Archive for the ‘New York Times’ Category

Ted Cruz, Senator from Goldman Sachs

January 14, 2016

Ted Cruz, Senator from Goldman Sachs
While running for his U.S. Senate seat in 2012, Texas Republican Ted Cruz failed to disclose a $500,000 campaign loan from Goldman Sachs, reports the New York Times. That’s especially awkward since Ted’s missus, Heidi Nelson Cruz, is a Managing Director at Goldman Sachs in Houston. In fact, Chad Sweet, Cruz 2016 presidential campaign manager, worked for Goldman Sachs for 10 years. Candidate Cruz has recently tried to distance himself from Goldman as part of his hardly credible populist pose.

Besides that sizeable low-interest loan from his wife’s bosses, Mr. Cruz apparently got one from Citibank, too. Other campaigns have been fined for failing to make such disclosures to the FEC. The Cruz campaign’s response to the Times story: “Ooops.”

More:

“Ted Cruz Hates ‘New York Values’ But Sure Loves New York Money,” Jon Schwarz, The Intercept

“Ted Cruz’s Loan from Goldman Sachs Was a Bullish Bet on the Obama Economy,” David Nir, AlterNet

Related:

“Goldman Sachs Will Pay $5 Billion To Settle Financial-Crisis Claims,” Jim Zarroli, NPR News

“The Great American Bubble Machine,” Matt Taibbi, Rolling Stone

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NY Times, 1985: Laptops Are Dead

March 19, 2015

NY Times, 1985: Laptops Are Dead
“Whatever happened to the laptop computer?” asked Erik Sandberg-Diment in the New York Times of December 8, 1985. It was just a passing fad, he wrote:

“Was the laptop dream an illusion, then? Or was the problem merely that the right combination of features for such lightweight computers had not yet materialized? The answer probably is a combination of both views. For the most part, the portable computer is a dream machine for the few.

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There Are Only 8 Gazillion Billable Hours In A Year ….

April 1, 2013

There Are Only 8 Gazillion Billable Hours In A Year ....

“The billable-hour system is the way most lawyers in big firms charge clients, but it serves no one. Well, almost no one. It brings most equity partners in those firms great wealth. Law firm leaders call it a leveraged pyramid. Most associates call it a living hell.”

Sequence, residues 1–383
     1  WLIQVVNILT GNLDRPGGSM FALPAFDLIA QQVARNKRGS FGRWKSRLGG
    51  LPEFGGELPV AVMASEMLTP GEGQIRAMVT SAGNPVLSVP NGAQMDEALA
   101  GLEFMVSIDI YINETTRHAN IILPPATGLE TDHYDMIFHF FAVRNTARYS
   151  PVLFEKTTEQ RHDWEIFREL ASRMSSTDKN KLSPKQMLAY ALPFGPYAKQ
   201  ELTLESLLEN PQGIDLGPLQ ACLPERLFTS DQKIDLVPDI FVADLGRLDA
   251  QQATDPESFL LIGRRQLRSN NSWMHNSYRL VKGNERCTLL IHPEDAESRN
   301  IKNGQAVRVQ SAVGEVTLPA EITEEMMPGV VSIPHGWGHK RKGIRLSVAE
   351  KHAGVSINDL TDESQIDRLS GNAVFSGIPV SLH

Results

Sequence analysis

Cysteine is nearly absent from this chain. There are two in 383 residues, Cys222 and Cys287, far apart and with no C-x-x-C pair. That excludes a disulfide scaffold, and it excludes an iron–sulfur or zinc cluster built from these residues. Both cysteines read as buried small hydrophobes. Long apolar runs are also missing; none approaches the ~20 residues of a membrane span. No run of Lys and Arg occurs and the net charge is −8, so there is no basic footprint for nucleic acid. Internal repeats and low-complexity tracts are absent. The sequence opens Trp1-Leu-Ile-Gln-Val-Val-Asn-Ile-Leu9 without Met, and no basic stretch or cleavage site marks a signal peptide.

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Japan: True Fax

February 22, 2013

Japan: True Fax

“Japan is renowned for its robots and bullet trains, and has some of the world’s fastest broadband networks. But it also remains firmly wedded to a pre-Internet technology — the fax machine — that in most other developed nations has joined answering machines, eight-tracks and cassette tapes in the dustbin of outmoded technologies.

Last year alone, Japanese households bought 1.7 million of the old-style fax machines, which print documents on slick, glossy paper spooled in the back. In the United States, the device has become such an artifact that the Smithsonian is adding two machines to its collection, technology historians said.”

“The Japanese government’s Cabinet Office said that almost 100 percent of business offices and 45 percent of private homes had a fax machine as of 2011.”

“’There is still something in Japanese culture that demands the warm, personal feelings that you get with a handwritten fax….'”

— “In High-Tech Japan, the Fax Machines Roll On,”  Martin Fackler, New York Times

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Image (“Faxing Wishes for the Star Festival, after Toshikata”) by Mike Licht. Download a copy here. Creative Commons license; credit Mike Licht, NotionsCapital.com

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Vote for the Millionaires of Your Choice

October 15, 2012

Vote for the Millionaires of Your Choice

“If millionaires were a political party, that party would make up roughly 3 percent of American families, but it would have a super-majority in the Senate, a majority in the House, a majority on the Supreme Court and a man in the White House. If working-class Americans were a political party, that party would have made up more than half the country since the start of the 20th century. But legislators from that party (those who last worked in blue-collar jobs before entering politics) would never have held more than 2 percent of the seats in Congress.”